As the administrator you are responsible for maintaining and refreshing the SPOTeurope website in general and keeping the forum up to date.  This means for example to keep discussions going at the forum and help new members get around. You will also make sure the website looks it’s best.

For this position knowledge about WordPress and MyBB is a pre but not required.

 

 

 

KOEK

We are two occupational therapy students who are curious about prewriting skills of children in other countries and how other OT-students become acquainted with these during their education.
In this blog we write about a Dutch assessment which we were introduced to when we had to screen the prewriting skills of children. We will also share our experiences of this assessment with you. Finally we have some statements we would like to discuss about.

KOEK
We like to write a blog about a Dutch assessment the KOEK. The KOEK is an assessment developed by Hartingsveldt van MJ, Cup EHC, Corstens-Mignot MAAMG (2006). The name KOEK stays for ‘The Short Observation Occupation Toddles’ and is developed for children in pre-school. The English version of the Koek is the SPOT (Screening Prewriting Skills Occupational Therapy) The spot has been developed for: 5 and 6 year old children with mild fine motor problems or 5 and 6 year old children showing even milder problems or children that could not be diagnosed with DCD.

The SPOT aims in offering a guideline for observing fine motor skills in preschoolers. The SPOT is a tool for observation with the emphasis on quality of the performance. It has been developed to be used by occupational therapists to assess whether a preschooler has reached an acceptable level of writing readiness. The SPOT can be used to evaluate fine motor problems in preschoolers as well ( Hartingsveldt, 2006). For the SPOT is no special training needed but a profound study of the manual is necessary. The assessment can be done in 30 minutes.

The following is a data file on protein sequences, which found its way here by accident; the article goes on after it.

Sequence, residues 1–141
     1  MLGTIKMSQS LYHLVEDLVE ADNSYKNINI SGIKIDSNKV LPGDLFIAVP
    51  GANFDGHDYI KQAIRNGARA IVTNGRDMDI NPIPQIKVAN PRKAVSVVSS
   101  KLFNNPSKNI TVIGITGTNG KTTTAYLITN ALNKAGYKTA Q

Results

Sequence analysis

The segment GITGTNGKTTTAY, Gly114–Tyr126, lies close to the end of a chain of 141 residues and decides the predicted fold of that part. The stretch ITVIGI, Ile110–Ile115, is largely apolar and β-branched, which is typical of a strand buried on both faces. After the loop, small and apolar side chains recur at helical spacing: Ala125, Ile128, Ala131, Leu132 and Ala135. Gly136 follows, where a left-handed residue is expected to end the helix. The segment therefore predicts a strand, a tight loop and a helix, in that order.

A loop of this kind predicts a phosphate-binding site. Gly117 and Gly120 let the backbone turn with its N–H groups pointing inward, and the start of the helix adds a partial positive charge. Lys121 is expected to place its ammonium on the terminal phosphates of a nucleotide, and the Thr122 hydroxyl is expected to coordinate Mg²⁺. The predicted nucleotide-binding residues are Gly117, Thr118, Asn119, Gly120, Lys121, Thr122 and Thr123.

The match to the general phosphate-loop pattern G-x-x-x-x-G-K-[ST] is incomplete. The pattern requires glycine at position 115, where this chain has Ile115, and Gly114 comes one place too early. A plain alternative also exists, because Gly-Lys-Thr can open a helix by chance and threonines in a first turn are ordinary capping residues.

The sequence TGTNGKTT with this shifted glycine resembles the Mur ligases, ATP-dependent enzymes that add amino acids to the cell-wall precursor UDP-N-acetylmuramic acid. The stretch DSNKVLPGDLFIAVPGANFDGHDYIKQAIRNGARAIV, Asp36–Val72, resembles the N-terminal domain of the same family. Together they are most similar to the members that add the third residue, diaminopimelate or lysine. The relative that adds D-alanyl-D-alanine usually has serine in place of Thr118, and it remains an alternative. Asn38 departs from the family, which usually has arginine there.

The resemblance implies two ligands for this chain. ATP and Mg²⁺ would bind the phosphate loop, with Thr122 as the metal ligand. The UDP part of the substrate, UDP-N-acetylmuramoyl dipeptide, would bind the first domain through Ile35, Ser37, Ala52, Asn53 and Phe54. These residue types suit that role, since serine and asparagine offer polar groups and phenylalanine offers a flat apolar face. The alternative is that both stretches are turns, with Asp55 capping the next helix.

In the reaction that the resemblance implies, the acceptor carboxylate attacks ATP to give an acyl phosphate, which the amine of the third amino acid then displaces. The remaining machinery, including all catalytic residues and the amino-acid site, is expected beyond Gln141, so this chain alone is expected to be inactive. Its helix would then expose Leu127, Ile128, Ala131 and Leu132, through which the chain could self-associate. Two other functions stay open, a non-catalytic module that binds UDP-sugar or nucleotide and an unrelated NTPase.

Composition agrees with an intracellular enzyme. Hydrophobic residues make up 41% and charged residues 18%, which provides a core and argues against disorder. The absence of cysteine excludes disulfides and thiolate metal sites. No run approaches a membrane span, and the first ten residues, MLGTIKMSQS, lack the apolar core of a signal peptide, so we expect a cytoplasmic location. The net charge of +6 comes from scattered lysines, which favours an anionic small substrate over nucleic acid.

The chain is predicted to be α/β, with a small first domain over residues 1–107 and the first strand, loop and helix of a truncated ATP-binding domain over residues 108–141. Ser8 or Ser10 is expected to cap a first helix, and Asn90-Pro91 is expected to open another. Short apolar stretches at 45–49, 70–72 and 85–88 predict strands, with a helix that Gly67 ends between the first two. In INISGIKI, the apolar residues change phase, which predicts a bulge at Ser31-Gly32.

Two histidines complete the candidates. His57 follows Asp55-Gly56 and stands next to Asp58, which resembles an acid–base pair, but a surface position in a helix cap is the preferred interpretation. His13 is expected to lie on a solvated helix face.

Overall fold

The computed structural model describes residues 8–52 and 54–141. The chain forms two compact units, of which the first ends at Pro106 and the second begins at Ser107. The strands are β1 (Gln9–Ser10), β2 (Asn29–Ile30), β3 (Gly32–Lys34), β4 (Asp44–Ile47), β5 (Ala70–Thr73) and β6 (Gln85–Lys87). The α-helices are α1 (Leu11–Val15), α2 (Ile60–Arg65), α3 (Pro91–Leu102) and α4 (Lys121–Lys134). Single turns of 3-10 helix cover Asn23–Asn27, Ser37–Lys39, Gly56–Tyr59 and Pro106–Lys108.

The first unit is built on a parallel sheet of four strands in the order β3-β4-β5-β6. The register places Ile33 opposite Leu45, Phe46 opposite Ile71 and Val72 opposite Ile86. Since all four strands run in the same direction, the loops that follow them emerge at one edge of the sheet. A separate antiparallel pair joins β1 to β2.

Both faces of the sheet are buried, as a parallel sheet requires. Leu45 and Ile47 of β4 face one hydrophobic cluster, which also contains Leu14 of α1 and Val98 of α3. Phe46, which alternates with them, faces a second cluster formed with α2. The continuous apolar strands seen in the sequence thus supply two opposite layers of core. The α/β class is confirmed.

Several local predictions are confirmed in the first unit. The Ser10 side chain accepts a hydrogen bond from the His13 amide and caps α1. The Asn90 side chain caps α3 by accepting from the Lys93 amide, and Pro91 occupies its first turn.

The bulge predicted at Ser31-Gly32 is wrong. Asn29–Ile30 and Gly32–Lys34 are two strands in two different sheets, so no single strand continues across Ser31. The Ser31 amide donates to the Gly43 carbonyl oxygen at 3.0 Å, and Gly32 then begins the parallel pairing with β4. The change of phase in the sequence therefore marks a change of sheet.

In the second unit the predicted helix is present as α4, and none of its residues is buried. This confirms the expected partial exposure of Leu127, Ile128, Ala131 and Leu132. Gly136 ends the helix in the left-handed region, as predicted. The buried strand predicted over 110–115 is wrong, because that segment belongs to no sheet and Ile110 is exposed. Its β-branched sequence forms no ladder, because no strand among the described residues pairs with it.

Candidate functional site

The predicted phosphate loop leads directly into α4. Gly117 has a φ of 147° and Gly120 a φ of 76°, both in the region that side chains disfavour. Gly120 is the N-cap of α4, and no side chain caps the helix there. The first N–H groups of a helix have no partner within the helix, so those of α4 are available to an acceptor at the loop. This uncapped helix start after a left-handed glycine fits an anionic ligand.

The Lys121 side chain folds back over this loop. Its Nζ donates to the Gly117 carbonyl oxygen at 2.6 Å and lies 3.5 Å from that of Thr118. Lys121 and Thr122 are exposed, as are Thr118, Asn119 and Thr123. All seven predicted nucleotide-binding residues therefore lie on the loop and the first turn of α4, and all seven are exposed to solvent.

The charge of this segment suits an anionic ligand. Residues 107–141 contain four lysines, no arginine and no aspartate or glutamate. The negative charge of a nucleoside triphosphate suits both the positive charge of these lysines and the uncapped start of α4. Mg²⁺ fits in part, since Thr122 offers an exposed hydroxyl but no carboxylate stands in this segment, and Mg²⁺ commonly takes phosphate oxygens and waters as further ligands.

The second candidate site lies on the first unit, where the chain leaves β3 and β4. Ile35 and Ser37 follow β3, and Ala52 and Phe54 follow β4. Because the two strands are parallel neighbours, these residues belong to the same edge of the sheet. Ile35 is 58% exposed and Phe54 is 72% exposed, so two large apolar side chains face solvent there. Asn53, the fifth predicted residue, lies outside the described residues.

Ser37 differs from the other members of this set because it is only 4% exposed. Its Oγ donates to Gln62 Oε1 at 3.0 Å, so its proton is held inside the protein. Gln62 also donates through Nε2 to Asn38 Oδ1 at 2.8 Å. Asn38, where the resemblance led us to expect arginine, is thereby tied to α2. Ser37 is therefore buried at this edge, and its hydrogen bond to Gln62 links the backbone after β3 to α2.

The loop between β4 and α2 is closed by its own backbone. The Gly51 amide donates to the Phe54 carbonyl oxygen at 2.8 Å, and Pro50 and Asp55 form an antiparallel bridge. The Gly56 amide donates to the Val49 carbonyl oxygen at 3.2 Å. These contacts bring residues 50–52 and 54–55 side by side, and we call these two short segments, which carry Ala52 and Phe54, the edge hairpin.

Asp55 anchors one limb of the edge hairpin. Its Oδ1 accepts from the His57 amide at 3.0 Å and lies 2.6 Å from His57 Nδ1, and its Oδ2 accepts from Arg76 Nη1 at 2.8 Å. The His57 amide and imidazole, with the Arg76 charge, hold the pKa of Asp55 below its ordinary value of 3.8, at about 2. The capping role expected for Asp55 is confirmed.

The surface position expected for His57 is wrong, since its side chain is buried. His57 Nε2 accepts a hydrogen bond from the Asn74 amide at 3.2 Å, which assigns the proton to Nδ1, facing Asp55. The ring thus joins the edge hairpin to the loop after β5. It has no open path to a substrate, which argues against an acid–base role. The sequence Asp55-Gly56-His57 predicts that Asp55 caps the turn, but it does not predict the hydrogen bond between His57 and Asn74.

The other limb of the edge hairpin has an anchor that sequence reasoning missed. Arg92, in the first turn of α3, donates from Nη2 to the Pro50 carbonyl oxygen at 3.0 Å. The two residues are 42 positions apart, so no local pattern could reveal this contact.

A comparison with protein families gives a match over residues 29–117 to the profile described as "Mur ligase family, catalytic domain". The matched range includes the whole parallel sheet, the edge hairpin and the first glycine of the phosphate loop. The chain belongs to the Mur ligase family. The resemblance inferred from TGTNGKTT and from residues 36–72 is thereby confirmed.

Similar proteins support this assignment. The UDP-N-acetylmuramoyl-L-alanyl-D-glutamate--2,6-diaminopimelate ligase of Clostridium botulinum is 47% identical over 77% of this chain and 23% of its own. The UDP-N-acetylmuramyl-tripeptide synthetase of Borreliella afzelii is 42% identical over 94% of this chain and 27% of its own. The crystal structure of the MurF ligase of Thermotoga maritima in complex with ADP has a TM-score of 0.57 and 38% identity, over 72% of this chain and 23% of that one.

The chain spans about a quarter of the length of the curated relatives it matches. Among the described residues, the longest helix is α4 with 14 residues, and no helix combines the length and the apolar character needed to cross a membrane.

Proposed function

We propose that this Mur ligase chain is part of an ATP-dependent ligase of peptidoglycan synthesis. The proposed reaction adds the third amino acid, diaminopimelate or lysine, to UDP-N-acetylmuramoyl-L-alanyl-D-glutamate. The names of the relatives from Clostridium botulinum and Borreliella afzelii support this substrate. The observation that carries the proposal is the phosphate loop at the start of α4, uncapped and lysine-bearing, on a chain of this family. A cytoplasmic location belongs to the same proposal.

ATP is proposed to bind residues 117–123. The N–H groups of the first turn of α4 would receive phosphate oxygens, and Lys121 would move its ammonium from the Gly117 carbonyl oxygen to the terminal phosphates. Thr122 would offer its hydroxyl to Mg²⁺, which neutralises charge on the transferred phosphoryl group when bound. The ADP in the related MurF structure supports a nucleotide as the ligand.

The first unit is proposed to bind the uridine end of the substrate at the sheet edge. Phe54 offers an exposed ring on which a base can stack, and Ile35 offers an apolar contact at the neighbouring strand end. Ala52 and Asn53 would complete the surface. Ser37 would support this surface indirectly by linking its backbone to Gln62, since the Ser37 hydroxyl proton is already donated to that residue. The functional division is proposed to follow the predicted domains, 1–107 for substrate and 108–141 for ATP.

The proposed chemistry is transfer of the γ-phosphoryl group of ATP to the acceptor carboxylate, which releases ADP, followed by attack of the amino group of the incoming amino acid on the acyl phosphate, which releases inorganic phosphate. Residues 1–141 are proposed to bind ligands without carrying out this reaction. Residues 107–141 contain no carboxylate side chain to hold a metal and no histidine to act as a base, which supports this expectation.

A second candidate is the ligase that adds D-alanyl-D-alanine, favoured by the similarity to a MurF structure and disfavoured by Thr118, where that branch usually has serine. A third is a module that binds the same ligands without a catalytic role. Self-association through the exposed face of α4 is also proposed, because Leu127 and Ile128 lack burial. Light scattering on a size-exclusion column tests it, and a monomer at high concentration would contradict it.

Components SPOT:

Continue reading

COPMI (Children Of Parents with a Mental Illness)

Following a question on the forum, a discussion has arisen regarding the Children Of Parents with a Mental Illness (COPMI) Australian initiative.

For those of you who are unaware of this, please find below a link to the COPMI website and some journal article titles regarding COPMI to get you started.

http://www.copmi.net.au 

-A “Snapshot” of Australian Programs to Support Children and Adolescents Whose Parents Have a Mental Illness Psychiatric Rehabilitation Journal 2009, Volume 33, No. 2, 125–132

Evaluation of a resilience-based intervention for children of parents with mental illness 2008 The Royal Australian and New Zealand College of Psychiatrists

We would be keen to hear your experiences of how your country works with clients in this situation? 
– Do you involve children of parents with mental illness in your therapy/ intervention? 
– If so, how do you do this? Do you use specific assessment techniques or interventions?

Or is this an area you feel should be explored more by Occupational Therapists and other healthcare workers in your country

We look forward to hearing your responses!

OT24Vx

ot4head2

If you haven’t heard of OT24Vx you’re in for a treat! Well what is it you ask me? I’ll quote the website and let them explain:

It is a free, online, 24 hour conference for occupational therapists.
OT = Occupational therapy
24=24 hours
Vx=Virtual exchange

Whilst acknowledging the value of global connections for occupational therapists, we noticed that many OTs miss out on traditional avenues of connecting at conferences due to cost and time required. For some OTs a conference could cost as much as a whole year’s salary, but the need for equitable access to knowledge transfer opportunities is vital in a profession that continues to grow. In a world where technology is becoming more and more ubiquitous many occupational therapists are gaining techno-confidence. Thus the idea of designing and delivering a 24 hour free real time online conference for knowledge sharing was born.
We chose World OT Day in 2010 as our first OT24Vx and following its success we have run one annually since then. The  OT24Vx has run in collaboration with the World Federation of Occupational Therapists since 2014.

You can read all about it at their website and learn what you can do to prepare yourself for the upcoming conference in November!

You can also follow the team on twitter!

Sarah Bodell, Susan Burwash, Anita Hamilton, Angela Hook, Karen Jacobs, & Merrolee Penman

ENOTHE

Last fall at enothe 2014 at the HAN university Nijmegen we had two meetings. At these meetings there were students from all over Europe. Our plan was to build a European student platform. With the use of a voting system we’ve decided on the form and purpose of this platform. We want a European network where we can talk to each other and learn from each other. For this to happen we’ve decided we need a website with a forum.

And now there is one.

Welcome

Willkommen

Bienvenue

Welkom